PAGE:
Dealing with difficult people

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Leadership in any form requires that you learn to deal effectively with difficult people.

When working in a leadership role of any kind you’ve probably been forced to lead someone with whom it’s very difficult to work. However much you try and build an effective working relationship, nothing works. Sometimes there comes a point when you’ve just got to stop wasting your time and energy and manage the situation, for the benefit of the task in hand.  The vast majority of people in organisations know that change is inevitable.  Most people realise that in order to remain competitive or to deliver real value, organisations have to change with the outside environment, but this basic truth may have passed some by.  Having worked to drive organisational change for over 25 years I’ve been in this situation on a number of occasions.

I’ve written previously about understanding and overcoming resistance to change, so to be clear, what we are talking about here is those individuals that must change the way they operate, but either can’t or won’t change.  If you have members of a project team who are in this space, in my experience the main and immediate challenge that these individuals present is disruption to the team dynamic. If that isn’t managed pro-actively the initiative would fail miserably.

Whatever the reason that individuals find themselves unable to support the progression of the wider organisation clearly if people are in this space and they are key to delivering change, perhaps process or technical subject matter experts, then they must be managed. My previous blog discussed and recommended Hersey and Blanchard’s work on situational leadership and the derived model based on their work.

The kind of behaviour demonstrated by these individuals goes like this…..

  • Lip service – superficial and apparent compliance with the plan and with team efforts, whist all the time, in reality ‘doing their own thing’;
  • Failing to join the dots – sharing only information and data that has specifically be asked for;
  • Passive aggressive behaviour such as procrastination, stubbornness, sullen behaviour, and
  • Task failure – often deliberate or repeated failure to accomplish requested tasks for which the individual is (often explicitly) responsible.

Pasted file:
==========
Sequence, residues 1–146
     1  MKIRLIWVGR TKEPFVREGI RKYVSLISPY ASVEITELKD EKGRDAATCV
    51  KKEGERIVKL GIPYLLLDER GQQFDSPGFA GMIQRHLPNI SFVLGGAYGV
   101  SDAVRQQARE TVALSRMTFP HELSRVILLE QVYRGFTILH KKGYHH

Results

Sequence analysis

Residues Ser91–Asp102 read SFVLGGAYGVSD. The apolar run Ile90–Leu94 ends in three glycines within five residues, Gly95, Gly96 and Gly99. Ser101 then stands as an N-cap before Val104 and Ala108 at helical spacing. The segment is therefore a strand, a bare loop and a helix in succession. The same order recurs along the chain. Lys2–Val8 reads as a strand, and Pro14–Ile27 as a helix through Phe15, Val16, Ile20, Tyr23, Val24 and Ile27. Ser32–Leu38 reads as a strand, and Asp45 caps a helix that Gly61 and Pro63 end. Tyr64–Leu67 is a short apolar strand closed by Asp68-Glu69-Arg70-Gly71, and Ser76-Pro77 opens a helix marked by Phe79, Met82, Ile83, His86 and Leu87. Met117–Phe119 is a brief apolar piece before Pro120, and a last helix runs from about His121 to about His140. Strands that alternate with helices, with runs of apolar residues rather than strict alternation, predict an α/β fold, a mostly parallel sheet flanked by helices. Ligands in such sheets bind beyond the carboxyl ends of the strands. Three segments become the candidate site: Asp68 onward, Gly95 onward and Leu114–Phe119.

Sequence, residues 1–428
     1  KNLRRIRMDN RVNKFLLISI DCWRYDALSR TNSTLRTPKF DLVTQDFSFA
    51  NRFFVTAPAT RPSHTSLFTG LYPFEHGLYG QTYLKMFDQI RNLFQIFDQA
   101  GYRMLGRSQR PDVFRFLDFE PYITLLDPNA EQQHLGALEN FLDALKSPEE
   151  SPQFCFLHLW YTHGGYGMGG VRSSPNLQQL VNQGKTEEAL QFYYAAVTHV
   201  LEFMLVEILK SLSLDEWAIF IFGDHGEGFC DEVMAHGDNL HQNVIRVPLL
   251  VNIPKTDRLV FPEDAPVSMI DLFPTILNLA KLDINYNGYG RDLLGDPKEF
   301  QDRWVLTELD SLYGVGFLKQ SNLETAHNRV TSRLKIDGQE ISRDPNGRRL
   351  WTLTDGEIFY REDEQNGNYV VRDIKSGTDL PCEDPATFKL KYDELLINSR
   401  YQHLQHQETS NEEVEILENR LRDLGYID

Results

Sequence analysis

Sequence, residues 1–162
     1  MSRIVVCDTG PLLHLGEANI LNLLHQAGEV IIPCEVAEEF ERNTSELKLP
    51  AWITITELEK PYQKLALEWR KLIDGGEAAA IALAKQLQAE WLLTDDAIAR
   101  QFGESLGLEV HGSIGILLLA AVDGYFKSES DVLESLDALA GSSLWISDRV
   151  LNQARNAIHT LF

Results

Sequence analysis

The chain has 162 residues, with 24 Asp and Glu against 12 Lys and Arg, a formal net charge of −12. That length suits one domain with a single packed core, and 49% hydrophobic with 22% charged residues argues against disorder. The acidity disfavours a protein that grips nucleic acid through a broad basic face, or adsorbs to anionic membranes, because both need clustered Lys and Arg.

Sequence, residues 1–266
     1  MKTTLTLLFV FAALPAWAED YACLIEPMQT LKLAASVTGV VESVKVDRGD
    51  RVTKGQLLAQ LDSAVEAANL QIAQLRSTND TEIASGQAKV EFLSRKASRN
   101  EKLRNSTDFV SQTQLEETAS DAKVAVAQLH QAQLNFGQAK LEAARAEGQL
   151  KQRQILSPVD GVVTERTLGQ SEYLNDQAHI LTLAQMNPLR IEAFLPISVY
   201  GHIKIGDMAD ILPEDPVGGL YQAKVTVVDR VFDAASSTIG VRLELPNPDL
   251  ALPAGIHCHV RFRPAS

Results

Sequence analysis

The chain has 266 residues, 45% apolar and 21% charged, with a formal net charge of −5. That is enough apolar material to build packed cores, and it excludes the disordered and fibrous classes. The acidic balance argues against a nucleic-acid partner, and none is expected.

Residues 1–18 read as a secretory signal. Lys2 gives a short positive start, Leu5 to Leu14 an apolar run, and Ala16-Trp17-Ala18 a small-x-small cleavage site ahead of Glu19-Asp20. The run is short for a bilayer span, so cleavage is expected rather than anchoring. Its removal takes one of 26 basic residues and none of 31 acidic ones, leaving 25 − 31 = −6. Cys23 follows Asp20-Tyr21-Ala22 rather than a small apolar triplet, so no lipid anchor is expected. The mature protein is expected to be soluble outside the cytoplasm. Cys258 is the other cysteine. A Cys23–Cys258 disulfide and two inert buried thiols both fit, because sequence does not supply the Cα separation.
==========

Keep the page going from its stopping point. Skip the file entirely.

It’s fair to say the behaviours above, if they persist are corrosive to the wider team effort and will threaten the success of the initiative. There are occasions where tactical coping is required because exiting a technically essential (and not so silent saboteur) subject matter expert, right in the middle of an expensive change initiative is probably a bad move.

Over the last 25 years I’ve developed 6 rules, which certainly help overcome these uncomfortable scenarios:

  1. Roles & responsibilities: Make sure everyone, very specifically understands what is expected of them. That doesn’t have to be done in a very confrontational way. You can use the RACI(S) chart to develop project role descriptions and work them through with the team and the especially the individuals concerned. It must be said that this is not my preferred way of operating, after all it’s not ‘total football’. If a team member sees that something needs doing, it’s much better that anyone with a solid understanding of the mission should be empowered to do what it takes.  There is a concern that if you strictly enumerate an individual role then you dis-empower them. However, some situations demand it.
  2. Encourage supportive communications: When some team members are permanently sullen and uncommunicative this can ‘infect’ the team. Don’t let the team be contaminated and ensure you set the standard. Open, honest, constructive and above all regular communication is key. Set up Agile style daily stand-up/huddles because in this environment if the tone isn’t set on a daily basis, negativity can pervade.
  3. Close monitoring of the plan: When slippage is almost expected and there is little urgency, in this scenario it’s OK to say “that isn’t acceptable”. Do this by physically looking at and reviewing the plan with the team every day.
  4. Understand the political dynamic: It’s a fact of life that leaders of change are briefly dropped into organisations where the mid and senior managers may have worked together for a long time. You must try and understand the internal political dynamics. Where possible make sure that you have top level support and sponsorship in terms of your leadership role. If you’re not empowered from the top, then the job becomes dangerously difficult. Be careful who you share the difficulties with, not everyone will appreciate your candour.
  5. Don’t get dragged too far into the technical detail: It’s easy to get distracted by the detail. If you’ve a technical background and generally love of all things technical you can be blinded. Maintaining a ‘helicopter’ view will prevent you from only seeing complexity, where most often a simple solution is the most appropriate. Focus on solutions.
  6. STAY POSITIVE: Above all don’t let the negativity and the minor politics impact on your positivity. The team expects you to be confident in the plan and to brush aside seemingly major issues and plan for success – positivity wins through every time.

PW

Post by Pete Wilson

Pete has worked in the technology and business change space for over 30 years. He's worked globally for large public sector and governmental bodies and for large private sector multinationals across numerous industry sectors.

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